Young scientists shine at EU contest for outstanding projects
The 32nd edition of the European Union Contest for Young Scientist (EUCYS) Awards Ceremony was unlike any of its predecessors.
Combining both 2020 and 2021 because of COVID-19, this hybrid event gathered 158 of the brightest young minds between the ages of 14 and 20 from 34 countries in Europe and abroad. A virtual space was created for the students to get to know each other and discuss their projects.
Competing either individually or as teams, the contestants presented their projects in any scientific field completely online to a panel of 25 international judges. The most represented categories were computing (16 per cent), engineering (15 per cent), biology (13 per cent), physics (13 per cent) and the environment (11 per cent), writes Jerry Stamatelos.
In total, 50 contestants with 41 projects (2020) and 108 contestants with 73 projects (2021) competed for 18 first, second and third place prizes. This year, 21 European Union (EU) Member States participated as well as Belarus, Canada, China, Egypt, Georgia, Israel, Norway, Russia, South Korea, Switzerland, Turkey and Ukraine.
For 2020, the first prizes were awarded to:
- Cormac Thomas Harris and Alan Thomas O’Sullivan (Ireland) for “A statistical investigation into the prevalence of gender stereotyping in 5-7 year olds and the development of an initiative to combat gender bias”;
- Feridun Balaban (Turkey) for “Investigation of spectral response and efficiency of boron and nitrogen doped diamond-like carbon as a top junction on multijunction solar cells”.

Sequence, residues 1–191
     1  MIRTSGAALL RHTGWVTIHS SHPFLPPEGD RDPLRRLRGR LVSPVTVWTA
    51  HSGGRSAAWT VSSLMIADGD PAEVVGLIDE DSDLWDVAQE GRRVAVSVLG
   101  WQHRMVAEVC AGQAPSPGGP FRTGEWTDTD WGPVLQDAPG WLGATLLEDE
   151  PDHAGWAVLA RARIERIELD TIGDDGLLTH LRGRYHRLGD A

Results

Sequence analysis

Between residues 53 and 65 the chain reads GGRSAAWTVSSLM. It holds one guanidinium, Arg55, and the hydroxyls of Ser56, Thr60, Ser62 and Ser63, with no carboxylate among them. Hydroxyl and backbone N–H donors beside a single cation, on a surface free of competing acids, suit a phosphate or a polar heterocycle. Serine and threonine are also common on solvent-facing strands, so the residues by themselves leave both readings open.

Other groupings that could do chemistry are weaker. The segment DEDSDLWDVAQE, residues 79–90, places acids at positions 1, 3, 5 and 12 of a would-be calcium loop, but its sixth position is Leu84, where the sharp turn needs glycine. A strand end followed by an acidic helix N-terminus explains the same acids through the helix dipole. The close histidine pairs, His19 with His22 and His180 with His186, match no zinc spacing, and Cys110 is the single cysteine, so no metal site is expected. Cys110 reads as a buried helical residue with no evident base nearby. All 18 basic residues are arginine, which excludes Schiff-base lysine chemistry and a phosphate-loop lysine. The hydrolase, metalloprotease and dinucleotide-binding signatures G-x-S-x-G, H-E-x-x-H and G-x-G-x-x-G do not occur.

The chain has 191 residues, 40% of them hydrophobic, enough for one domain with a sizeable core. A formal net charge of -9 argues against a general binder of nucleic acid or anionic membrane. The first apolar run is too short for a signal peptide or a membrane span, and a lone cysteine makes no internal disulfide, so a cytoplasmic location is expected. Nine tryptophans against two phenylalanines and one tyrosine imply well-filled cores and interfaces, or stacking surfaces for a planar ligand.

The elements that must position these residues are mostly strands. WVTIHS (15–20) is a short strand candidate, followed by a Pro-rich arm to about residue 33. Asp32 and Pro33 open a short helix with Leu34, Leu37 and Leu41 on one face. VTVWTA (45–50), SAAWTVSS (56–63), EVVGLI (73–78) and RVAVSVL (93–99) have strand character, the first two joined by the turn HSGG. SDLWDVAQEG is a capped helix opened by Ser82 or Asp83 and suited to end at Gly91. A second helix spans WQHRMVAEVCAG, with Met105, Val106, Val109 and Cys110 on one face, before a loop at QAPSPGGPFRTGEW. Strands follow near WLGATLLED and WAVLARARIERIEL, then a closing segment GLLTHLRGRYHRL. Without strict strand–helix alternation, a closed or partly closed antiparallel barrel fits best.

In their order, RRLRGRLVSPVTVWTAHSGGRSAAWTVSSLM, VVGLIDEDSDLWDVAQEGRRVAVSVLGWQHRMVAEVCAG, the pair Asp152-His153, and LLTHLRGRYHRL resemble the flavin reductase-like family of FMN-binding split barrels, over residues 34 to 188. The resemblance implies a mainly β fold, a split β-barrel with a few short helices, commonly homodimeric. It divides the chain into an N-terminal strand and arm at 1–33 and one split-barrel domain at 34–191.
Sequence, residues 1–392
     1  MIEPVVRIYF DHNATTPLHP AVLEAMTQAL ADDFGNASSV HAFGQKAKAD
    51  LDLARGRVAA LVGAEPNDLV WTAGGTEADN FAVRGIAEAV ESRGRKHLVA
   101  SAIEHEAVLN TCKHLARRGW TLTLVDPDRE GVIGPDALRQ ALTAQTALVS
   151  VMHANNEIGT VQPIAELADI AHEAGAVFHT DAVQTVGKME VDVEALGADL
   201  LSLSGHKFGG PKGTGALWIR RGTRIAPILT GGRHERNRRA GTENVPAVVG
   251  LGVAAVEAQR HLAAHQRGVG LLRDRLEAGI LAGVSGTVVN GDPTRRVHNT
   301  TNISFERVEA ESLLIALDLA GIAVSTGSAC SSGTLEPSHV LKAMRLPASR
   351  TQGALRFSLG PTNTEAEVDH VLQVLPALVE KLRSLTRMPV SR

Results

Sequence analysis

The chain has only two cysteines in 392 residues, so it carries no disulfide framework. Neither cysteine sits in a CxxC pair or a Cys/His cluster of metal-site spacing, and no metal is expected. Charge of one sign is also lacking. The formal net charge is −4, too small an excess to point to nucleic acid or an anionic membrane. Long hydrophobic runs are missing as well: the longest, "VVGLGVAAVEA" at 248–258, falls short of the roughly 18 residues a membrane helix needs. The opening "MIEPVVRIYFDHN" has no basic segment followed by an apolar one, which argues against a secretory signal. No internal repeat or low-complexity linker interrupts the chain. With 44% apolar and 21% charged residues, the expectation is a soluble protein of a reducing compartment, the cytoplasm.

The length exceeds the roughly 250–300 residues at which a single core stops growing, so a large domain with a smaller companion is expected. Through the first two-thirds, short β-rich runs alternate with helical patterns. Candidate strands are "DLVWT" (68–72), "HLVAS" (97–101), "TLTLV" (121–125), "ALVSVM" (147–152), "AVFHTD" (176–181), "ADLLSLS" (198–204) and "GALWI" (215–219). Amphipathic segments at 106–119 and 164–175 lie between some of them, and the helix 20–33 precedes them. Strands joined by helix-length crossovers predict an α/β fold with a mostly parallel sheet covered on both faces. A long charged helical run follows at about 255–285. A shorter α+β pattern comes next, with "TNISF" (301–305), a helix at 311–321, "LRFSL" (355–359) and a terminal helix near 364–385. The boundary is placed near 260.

For 2021, the first prizes were awarded to:
- Viktor Stilianov Kolev (Bulgaria) for “Neural Abstract Reasoner”;
- Marik Müller (Germany) for “Enzymatic inactivation of the veterinary antibiotic florfenicol”;
- Carla Caro Villanova (Spain) for “Formulation and implementation of a support vector machine on D-Wave’s quantum annealer”;
- Illia Nalyvaiko (Ukraine) for “Properties of possible counterexamples to the Seymour’s Second Neighborhood Conjecture”.
The six second prizes and six third prizes were awarded to projects from Belarus, Bulgaria, Canada, Czechia, Ireland, Italy, Poland, Slovakia, Switzerland and Turkey.
First place winners receive €7,000 each. All the winners share a total of €93,000 in prize money.
In addition to the cash prizes, several contestants received an all-expenses-paid trip to London to attend the London International Youth Science Forum in the summer of 2022. Other prizes include stays at leading scientific organisations, such as the European Organization for Nuclear Research, the European Space Agency and the Joint Research Centre.
EUCYS truly highlights the top achievements of science students. All participants have previously won first prize in their home countries’ national science competitions. Projects must be nominated by the national organiser in each participating country.
Two top prize winners: reimagining machines
Carla Caro Villanova, a 17-year-old physics student at the University of Barcelona, Spain, wants to become a researcher in quantum physics or similar field. She earned first place for the project “Formulation and implementation of a support vector machine on D-Wave’s quantum annealer”.
Carla described the project as follows: “It consists of executing a machine learning algorithm in a quantum computer. Machine learning is a field of computer science in which the own algorithm “learns” from data and tries to find patterns so as to model it. For example, it can be used to classify medical data and distinguish between non-cancerous and cancerous tumours, just as I did in this project. Regarding quantum computing, I used an actual quantum annealer, which is a type of computer based on the laws of quantum physics.
“Quantum properties may bring many advantages and revolutionise technology in the near future. Indeed, in my own project, I compared the quantum algorithm with the classical one to assess the current performance of a quantum annealer. However, I could not prove any quantum advantage yet. Nevertheless, there is much room for improvement in the field, and I genuinely believe that quantum computers will outperform classical computers sooner than we expect.”